When you dream about something for so long, it becomes a fuzzy picture in your mind to file away with past fantasies. My dad had told me he remembered crossing a set of train tracks on the way to the orphanage located on the outskirts of town, the same tracks that my cab is now crossing, and my dream begins to wash over me again.
The orphanage looks just as my parents had described—a barbed-wire fence surrounds it and an old playground in the courtyard. Matron Marcela is no longer there, but hermana Jhaana is supposed to help me. ‘Estoy buscando a la hermana Jhaana’, I say.
I find her sitting in an office piled high with papers. I know, somehow, that I’m in the right place. I take out my documents again and begin to sob. Hermana Jhaana knows what is happening. She knows I’ve wanted this moment for so long I’ve begun to believe it would never happen. She holds me and laughs with me at the impossibility of it all.
Fate is again in my favor when I discover an American volunteer, Julia, who helps me bridge the language gap. ‘I can’t believe you found this place’, she says to me. ‘No one ever finds this place—it’s almost impossible.’
Julia shows me where I lived during in my time there. There are two rooms for the infants to sleep, and one big room with rows and rows of beds for the older children. The floors are very shiny and the hallways tall, illuminated by big windows. The fenced-in area outside the hogares de niños is dusty and grey; laundry hanging from clothes lines and colorful playground equipment outside make it look less oppressive, almost friendly.
All the babies are resting in a little room sprinkled with toys and sunlight. Julia tells me everyone has a connection with certain children there, just like Marcela had with me. Each baby looks healthy and strong. It’s like looking into a past I can’t remember, but that’s somehow right in front of me, like I’m looking back two decades at myself.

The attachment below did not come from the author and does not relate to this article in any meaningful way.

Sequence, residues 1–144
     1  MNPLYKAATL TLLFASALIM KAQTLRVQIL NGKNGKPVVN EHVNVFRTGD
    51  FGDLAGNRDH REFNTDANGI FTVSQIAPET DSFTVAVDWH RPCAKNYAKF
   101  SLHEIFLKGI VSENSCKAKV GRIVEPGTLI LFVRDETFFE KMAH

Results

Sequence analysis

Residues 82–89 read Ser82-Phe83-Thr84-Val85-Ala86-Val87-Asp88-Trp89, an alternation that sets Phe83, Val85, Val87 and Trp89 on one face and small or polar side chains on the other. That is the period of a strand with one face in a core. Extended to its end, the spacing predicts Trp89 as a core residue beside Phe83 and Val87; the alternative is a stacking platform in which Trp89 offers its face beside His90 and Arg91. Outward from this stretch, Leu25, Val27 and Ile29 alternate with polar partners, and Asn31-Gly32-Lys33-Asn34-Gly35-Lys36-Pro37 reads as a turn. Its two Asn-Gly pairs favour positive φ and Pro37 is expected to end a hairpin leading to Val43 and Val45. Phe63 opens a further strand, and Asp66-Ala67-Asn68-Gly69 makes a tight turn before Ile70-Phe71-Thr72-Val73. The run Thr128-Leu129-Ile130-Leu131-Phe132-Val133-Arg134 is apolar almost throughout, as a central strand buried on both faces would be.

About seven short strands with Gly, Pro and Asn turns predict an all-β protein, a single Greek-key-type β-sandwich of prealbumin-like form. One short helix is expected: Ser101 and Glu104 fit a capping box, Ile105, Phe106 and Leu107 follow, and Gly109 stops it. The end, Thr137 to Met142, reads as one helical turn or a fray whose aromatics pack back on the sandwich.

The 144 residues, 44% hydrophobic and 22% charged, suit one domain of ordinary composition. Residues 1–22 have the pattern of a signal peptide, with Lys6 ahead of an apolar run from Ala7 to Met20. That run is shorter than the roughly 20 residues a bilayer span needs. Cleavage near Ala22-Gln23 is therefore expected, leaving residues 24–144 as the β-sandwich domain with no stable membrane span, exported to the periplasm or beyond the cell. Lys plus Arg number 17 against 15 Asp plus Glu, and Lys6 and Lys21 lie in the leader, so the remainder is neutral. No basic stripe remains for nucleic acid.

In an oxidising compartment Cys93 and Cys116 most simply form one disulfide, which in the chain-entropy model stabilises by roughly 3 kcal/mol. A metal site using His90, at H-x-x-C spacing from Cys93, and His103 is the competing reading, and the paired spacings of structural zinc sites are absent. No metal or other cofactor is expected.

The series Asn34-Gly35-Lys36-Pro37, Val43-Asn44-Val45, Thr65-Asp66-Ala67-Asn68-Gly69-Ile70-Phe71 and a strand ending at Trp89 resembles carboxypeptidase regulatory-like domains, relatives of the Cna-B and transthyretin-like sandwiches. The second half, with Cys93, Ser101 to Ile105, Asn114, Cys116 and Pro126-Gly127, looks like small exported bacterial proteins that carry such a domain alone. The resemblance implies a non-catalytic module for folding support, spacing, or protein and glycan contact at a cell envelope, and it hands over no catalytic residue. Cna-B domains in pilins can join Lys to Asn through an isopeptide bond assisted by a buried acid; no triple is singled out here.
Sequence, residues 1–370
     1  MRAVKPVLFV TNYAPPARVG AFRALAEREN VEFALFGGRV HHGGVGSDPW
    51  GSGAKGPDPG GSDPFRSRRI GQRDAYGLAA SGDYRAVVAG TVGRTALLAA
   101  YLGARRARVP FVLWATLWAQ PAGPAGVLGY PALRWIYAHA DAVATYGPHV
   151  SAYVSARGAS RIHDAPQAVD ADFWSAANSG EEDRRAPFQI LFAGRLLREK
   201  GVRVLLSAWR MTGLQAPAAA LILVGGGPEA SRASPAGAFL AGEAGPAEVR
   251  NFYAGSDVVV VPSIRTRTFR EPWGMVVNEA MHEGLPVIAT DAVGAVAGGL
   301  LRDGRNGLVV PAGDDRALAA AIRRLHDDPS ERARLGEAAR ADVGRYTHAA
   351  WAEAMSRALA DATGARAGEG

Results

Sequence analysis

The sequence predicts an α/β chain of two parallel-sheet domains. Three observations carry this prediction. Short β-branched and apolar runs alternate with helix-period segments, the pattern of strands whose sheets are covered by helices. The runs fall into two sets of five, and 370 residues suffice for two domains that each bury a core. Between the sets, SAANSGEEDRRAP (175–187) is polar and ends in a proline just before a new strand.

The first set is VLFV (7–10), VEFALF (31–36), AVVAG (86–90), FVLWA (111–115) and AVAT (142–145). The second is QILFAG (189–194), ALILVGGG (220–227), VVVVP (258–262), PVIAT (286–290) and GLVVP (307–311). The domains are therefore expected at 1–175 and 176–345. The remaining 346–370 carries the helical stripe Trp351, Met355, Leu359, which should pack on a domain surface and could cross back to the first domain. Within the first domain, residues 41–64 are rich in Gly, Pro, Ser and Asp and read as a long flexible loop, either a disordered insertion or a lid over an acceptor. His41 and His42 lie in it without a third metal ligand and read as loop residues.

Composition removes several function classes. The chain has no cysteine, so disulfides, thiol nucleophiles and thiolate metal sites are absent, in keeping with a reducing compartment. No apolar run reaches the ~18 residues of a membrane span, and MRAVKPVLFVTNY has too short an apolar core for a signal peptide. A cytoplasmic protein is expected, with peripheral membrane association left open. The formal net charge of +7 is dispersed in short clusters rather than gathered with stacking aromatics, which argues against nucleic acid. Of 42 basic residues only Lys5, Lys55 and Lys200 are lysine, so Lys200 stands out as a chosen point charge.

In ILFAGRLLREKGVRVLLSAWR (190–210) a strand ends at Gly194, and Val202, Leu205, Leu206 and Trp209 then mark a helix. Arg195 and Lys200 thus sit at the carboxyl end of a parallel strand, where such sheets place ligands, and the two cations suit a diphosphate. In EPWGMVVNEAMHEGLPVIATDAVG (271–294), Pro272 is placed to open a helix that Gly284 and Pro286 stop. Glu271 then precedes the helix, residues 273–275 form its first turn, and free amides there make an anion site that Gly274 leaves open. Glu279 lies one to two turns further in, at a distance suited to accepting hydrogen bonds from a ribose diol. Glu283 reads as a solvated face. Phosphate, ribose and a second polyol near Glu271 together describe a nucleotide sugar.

Hermana Marcela and Caterina at 6 months old
My story, I find, is all too common in Oruro. It’s humbling to learn the stories behind each child. Some have been abandoned like I was, or left in hospitals after their births. Some have been taken away from mentally ill or alcoholic parents. There are also horror stories of babies left in trash cans and much worse. If the kids are not claimed by age 6, they are transferred into a foster system until they are 18. I’ve been given so many opportunities by living in the United States, so it makes me happy to hear that the kids who don’t get adopted can find success in life (teachers, doctors, architects) when they leave the system as young adults.
Being a journalist, I’m always looking for other peoples ‘why?’—why they are they way they are, why they’ve followed one or another particular route in their lives. Why they live the way they do. It’s always fascinated me; I’ve always had to know more, always had to know how the book ends before even reading it.
Through unexpected dedication and kindness of current and past employees of the Gota de Leche orphanage I finally found my ‘why?’. I’ve learned that Marcela now lives in La Paz, she remembers me, and I will be reunited with her soon. I’m also told by Señora Ely Blass, who worked at Gota de Leche thirty years ago, that all the babies in 1992 were adopted. They went to France, Argentina, and the United States, and, like me, many have come back to Oruro, searching for their beginnings, their ‘why?’. I find it comforting that I’m not alone in the way my life began. I am happy. I am finally free.
I close my story with these words directed to my birth parents.
For whatever reason you had to say goodbye, I know that you left me with a gift. Your final gift, other than life, was to give me a world full of opportunities that would have been but a distant thought, setting on the horizon of my life, forever darkened by night. And now, because of you, the light of the sun keeps my dreams alive, and as long as I’m living, you are living with me too.
19 Aug, 2018 | 04:41